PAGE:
After winning acclaim and record attendance on a four-year international and domestic tour, The Phillips Collection’s American art treasures will make a grand homecoming on Saturday in a landmark exhibition titled "Made in the USA."
The most comprehensive presentation of the museum’s American art collection undertaken in nearly 40 years, Made in the USA showcases more than 200 masterpieces—from romantic seascapes and jazzy city scenes to abstract canvases and
boldly colored portraits—by more than 125 artists whose new visual language made American art an international sensation.
Founder Duncan Phillips was a lifelong champion of the nation’s cultural diversity. His commitment to collecting works by America’s living artists who showed great promise—whether they were native or foreign-born, artists of color, self-taught or academically trained, male or female—was decidedly against the grain between the wars and propelled The Phillips Collection to be a leader in American art.
“It was this ‘fusion of various sensitivities’ and ‘unification of differences,’ as Phillips described it, that was something to celebrate,” said Susan Behrends Frank, Associate Curator at The Phillips Collection. “The Phillips’s American collection is more than just an assemblage of great names; its strength lies in its rich diversity and multiplicity of American voices that Duncan Phillips brought together over a lifetime.”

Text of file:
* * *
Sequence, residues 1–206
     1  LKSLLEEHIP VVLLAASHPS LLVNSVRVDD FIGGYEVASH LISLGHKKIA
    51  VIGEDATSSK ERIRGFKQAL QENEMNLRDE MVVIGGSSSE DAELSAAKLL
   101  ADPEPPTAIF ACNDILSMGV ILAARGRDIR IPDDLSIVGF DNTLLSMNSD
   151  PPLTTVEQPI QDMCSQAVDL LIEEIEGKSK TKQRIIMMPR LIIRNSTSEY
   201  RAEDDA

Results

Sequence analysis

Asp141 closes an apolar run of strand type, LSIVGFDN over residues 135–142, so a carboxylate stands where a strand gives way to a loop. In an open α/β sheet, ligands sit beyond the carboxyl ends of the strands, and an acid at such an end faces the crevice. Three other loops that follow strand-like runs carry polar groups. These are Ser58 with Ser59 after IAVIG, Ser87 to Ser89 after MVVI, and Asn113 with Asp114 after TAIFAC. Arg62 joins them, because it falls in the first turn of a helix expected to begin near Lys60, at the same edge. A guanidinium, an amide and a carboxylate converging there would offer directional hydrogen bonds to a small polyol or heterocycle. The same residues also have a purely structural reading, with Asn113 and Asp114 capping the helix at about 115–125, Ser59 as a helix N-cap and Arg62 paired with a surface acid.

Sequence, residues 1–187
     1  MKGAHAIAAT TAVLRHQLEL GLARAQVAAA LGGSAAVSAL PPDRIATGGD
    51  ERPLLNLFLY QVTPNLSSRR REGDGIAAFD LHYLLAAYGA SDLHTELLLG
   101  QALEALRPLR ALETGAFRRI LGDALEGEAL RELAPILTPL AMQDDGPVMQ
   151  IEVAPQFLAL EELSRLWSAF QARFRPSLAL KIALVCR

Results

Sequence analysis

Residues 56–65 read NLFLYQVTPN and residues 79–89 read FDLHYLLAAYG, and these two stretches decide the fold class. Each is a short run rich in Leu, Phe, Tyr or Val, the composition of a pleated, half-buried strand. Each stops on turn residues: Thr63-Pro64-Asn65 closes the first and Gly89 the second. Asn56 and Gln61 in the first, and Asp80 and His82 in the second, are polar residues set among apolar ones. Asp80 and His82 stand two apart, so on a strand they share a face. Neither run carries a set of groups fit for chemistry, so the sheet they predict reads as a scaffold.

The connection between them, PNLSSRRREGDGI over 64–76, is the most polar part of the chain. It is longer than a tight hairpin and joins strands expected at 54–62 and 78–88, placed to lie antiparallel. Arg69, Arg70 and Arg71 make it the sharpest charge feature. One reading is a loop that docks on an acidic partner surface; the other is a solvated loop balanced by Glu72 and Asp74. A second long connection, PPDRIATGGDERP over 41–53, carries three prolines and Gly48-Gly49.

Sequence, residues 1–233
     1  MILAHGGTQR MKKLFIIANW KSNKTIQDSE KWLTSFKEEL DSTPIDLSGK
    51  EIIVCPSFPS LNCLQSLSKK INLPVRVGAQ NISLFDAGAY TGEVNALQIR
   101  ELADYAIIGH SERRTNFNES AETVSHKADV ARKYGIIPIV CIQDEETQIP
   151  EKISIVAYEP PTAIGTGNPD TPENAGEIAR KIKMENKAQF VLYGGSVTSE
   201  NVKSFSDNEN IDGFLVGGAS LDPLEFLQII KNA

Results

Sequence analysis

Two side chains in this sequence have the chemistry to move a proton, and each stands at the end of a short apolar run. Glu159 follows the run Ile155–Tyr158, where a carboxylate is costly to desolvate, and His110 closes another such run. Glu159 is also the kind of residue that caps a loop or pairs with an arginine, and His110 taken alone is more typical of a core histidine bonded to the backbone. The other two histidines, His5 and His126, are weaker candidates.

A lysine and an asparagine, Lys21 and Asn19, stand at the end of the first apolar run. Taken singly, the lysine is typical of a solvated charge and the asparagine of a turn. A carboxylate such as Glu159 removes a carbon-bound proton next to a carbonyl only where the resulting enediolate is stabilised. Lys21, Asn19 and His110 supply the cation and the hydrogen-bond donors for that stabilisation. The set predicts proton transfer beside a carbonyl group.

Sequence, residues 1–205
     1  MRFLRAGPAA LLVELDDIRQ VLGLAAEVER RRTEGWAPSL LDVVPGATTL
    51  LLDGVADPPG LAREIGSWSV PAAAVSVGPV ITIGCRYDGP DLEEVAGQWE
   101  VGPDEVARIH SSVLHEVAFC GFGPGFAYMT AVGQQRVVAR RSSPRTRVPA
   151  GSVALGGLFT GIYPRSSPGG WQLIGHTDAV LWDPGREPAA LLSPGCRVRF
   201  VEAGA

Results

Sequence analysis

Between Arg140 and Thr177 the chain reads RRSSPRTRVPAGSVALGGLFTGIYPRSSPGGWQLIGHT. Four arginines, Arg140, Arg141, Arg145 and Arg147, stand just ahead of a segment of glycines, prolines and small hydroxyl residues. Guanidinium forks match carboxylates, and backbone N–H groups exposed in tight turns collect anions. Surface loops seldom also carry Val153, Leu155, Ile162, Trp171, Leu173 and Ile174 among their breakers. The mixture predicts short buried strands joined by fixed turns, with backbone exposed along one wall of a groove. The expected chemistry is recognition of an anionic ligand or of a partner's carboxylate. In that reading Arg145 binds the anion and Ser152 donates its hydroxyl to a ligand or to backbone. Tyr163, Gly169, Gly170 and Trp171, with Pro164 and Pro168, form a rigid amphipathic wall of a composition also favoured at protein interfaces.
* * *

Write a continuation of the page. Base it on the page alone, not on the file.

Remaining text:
Organized chronologically as a thematic narrative about American art from the late 19th century through the postwar years, the exhibition aims to demonstrate how artists with fresh vision and independent spirit captured modern American life.
“Not since 1976 has The Phillips Collection presented such a mesmerizing showcase of Duncan Phillips’s treasures. Made in the USA presents a rare opportunity to view our permanent collection displayed in what could best be described as a story with many chapters. The 12 themes, from ‘Realism and Romanticism’ to ‘The City’ to ‘Memory and Identity,’ serve as a walk through time, and echo a compelling narrative about our country’s history and cultural development,” said Dorothy Kosinski, director of The Phillips Collection.
The exhibition explores a diverse array of subjects and periods through painting, drawing, and etching. Highlights include Rockwell Kent’s The Road Roller; Horace Pippin’s Domino Players; Allen Tucker’s The Rise; Edward Hopper’s Sunday; Stefan Hirsch’s New York, Lower Manhattan; John Marin’s Pertaining to Fifth Avenue and Forty-Second Street; Arthur Dove’s
Red Sun, and Willem De Kooning’s Asheville.